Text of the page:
Special Dossier EU-Japan
How best to boost economic ties?
By Sébastien Falletti | Tuesday 22 April 2008
While the EU is working to strengthen its ties with the emerging Asian economies, Tokyo fears that Europe is losing interest in its market and is pushing for a bilateral agreement in order to bring two of the biggest economies of the world closer to each other. Behind the scenes, a quiet battle about the future of EU-Japan economic relations is taking place involving business communities, the European Commission and governments. The aim is to enhance trade and investments ties between two key global players at a time when Europe increasingly shifts its attention to the emerging Asian economies. The debate is too sensitive to be concluded by the leaders during the EU-Japan summit, scheduled for 23 April.
Fearing that the EU is losing interest in the Japanese market, policy makers and businesses in Tokyo are pushing for a bilateral economic integration agreement (EIA) that would include further tariff liberalisation. But this idea triggers little enthusiasm only within the EU, where a light framework to address the remaining regulatory obstacles on the Japanese market is favoured.
“What matters to our firms is the regulatory issues. Tariff lines can be addressed at the multilateral level,” said a representative of BusinessEurope, which is trying to craft a common business position with its Japanese sister organisation, Nippon Keidanren, on this delicate file. Both organisations will attempt to present a joint recommendation to the EU and the Japanese government during the EU-Japan Business Dialogue Round Table, to be held on 3-4 July in Tokyo, ahead of the G8 summit. But divergences of interest will lead to tough negotiations. “Japanese business people are looking at tariffs reduction,” confirmed to
EuropoliticsTakekazu Kawamura, Japan’s ambassador to the EU. Car makers and electronics firms would have much to gain from a reduction of the EU tariffs line in their sectors, according to an expert. Japanese companies fear that they are losing ground to their Korean competitors, since Seoul has concluded a free trade agreement with the US and is negotiating one with the EU. “The business community in Tokyo is concerned with the Korean FTAs,” said a Commission source.
On the European side, regulatory barriers are seen as the main obstacle to the expansion on the Japanese market. In many sectors, legislations discriminate foreign companies and limit their expansion. Access to public procurements is also a source of complaint for EU firms. Foreign investment in Japan remains very low, less than 3% of GDP compared to 20% on average in the EU. “It is impossible to get a contract in the railway sector. It is almost impossible to sell an Airbus in Japan,” said a Commission source. “The Commission and the member states are concerned by many regulatory obstacles,” confirmed EU Trade Commissioner Peter Mandelson’s spokesperson.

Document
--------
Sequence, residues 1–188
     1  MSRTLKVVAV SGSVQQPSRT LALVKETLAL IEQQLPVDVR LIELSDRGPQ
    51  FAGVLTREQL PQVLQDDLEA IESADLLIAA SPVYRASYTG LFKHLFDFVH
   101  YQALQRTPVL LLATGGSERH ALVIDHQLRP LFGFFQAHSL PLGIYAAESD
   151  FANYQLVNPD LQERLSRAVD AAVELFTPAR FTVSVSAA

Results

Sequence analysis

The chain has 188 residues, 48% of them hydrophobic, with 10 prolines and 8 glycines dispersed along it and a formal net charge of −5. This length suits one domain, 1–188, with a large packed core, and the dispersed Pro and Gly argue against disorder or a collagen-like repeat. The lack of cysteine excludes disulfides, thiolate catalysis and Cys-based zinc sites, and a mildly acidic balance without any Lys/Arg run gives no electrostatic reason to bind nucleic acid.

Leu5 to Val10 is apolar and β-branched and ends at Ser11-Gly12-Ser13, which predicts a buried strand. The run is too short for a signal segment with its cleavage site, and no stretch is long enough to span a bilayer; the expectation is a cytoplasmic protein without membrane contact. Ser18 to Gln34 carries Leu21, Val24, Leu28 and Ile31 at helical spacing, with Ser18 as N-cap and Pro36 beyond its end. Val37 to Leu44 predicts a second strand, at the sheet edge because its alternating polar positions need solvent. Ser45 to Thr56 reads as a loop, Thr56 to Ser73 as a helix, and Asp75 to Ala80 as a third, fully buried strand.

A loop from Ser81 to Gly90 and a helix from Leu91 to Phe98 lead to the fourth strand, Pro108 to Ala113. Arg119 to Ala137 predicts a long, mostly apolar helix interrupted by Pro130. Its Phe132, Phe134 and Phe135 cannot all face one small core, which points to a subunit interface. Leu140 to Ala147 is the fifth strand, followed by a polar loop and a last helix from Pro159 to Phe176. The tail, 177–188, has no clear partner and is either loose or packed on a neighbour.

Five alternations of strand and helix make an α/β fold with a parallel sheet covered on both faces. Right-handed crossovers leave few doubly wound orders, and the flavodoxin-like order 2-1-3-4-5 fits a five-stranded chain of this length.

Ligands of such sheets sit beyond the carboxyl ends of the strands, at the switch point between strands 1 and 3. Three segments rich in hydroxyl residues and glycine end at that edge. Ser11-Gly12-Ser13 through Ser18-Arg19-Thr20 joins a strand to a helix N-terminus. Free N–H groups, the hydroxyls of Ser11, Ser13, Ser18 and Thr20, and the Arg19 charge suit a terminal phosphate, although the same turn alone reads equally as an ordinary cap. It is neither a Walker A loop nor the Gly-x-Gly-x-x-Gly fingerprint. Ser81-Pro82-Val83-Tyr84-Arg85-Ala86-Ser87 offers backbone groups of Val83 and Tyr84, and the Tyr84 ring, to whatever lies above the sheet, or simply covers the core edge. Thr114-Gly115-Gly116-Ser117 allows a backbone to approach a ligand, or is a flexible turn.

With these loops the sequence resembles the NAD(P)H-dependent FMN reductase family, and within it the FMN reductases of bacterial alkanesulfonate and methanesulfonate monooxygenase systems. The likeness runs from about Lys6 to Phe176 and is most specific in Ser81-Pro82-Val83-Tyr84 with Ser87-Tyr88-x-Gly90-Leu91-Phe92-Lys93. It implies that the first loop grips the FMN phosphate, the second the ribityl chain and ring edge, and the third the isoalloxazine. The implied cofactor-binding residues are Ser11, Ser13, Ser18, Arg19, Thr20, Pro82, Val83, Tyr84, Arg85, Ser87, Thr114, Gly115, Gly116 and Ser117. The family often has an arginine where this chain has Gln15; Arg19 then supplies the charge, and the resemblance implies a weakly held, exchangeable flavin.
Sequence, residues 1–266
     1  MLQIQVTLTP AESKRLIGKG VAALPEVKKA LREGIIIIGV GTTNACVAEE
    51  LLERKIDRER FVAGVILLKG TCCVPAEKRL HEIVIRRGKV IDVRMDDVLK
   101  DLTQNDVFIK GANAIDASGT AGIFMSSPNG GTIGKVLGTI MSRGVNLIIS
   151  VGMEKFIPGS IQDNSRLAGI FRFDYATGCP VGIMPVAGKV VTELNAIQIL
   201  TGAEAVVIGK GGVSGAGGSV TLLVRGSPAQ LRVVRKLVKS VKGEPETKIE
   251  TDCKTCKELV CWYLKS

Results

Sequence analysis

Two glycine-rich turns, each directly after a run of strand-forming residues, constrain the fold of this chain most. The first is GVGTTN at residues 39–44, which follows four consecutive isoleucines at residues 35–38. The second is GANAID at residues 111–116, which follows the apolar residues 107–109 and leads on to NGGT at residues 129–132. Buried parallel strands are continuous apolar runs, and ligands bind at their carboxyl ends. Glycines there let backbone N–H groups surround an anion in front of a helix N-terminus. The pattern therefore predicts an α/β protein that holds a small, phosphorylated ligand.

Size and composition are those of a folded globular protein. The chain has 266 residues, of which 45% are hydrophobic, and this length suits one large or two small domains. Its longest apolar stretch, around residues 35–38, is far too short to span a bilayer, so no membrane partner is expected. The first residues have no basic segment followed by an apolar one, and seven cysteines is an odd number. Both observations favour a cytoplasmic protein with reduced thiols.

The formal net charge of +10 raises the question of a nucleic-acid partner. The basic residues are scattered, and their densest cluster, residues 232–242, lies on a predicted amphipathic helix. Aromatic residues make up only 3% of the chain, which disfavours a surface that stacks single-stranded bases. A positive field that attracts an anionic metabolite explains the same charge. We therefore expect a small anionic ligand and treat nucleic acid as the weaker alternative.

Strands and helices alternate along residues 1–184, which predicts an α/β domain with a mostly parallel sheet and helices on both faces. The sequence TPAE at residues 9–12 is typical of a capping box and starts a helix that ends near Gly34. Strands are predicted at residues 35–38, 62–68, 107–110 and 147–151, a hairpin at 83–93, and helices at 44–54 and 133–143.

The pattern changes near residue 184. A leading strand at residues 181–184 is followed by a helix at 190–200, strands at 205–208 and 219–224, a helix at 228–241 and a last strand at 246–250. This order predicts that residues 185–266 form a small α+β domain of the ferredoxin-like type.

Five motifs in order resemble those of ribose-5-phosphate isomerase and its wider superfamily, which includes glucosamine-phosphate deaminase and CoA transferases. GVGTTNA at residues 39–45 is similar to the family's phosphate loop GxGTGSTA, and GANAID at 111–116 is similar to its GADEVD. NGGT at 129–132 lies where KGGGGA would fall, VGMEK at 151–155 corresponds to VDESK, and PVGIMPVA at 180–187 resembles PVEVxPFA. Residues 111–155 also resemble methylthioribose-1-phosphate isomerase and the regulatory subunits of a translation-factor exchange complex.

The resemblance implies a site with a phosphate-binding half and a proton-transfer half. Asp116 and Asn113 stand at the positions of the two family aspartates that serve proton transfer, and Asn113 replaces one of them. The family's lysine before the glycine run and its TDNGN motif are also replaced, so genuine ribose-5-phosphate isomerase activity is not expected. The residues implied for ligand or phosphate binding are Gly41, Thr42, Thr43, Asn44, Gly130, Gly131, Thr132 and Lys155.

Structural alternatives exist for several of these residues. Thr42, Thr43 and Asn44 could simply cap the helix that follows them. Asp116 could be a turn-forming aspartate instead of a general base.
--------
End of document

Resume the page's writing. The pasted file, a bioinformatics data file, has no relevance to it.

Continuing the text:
Therefore, instead of an EIA, European businesses favour a lighter framework similar to the Transatlantic Economic Council, set up last year with the US that would focus on regulatory issues. On 11 April, BusinessEurope called for the creation of an ‘EU-Japan Economic Partnership Council’, in a letter sent to Peter Mandelson by its Secretary-General Philippe de Buck. The new framework would cover regulatory cooperation, services, investment, public procurements and food and phytosanitary standards. “It should focus on non-tariff issues as any bilateral tariff negotiation could put at risk” the future of the Doha Round, warned De Buck.
Although the Commission and Tokyo have not yet reacted officially to this proposal, it falls short of the Japanese expectation in terms of tariffs liberalisation. “We already have a regulatory dialogue that has been running for more than ten years,” indicated Takekazu Kawamura. There are also some differences of views within the administration in Tokyo. While the powerful Ministry of Economy, Trade and Industry (METI) favours an FTA, the Ministry of Foreign Affairs seems less pushy. On the EU side, the Commission is keen to stress that it is pursuing FTAs only with emerging economies and wants to establish a more comprehensive kind of cooperation with its largest trade partners, such as the US or Japan.
Therefore no decision is expected in the short term but the issue is likely to surface again before the end of the year despite the lack of enthusiasm on the EU side. The Commission stresses the importance of avoiding any bilateral initiative that could derail the Doha Round at a time when efforts to achieve a multilateral breakthrough are accelerating in Geneva. However, once the outcome of the ongoing efforts to salvage Doha will be known, the Japanese side is likely to raise again the possibility of a bilateral agreement. “In case of a failure at the WTO, we will need to think about some alternatives,” a Japanese diplomat told
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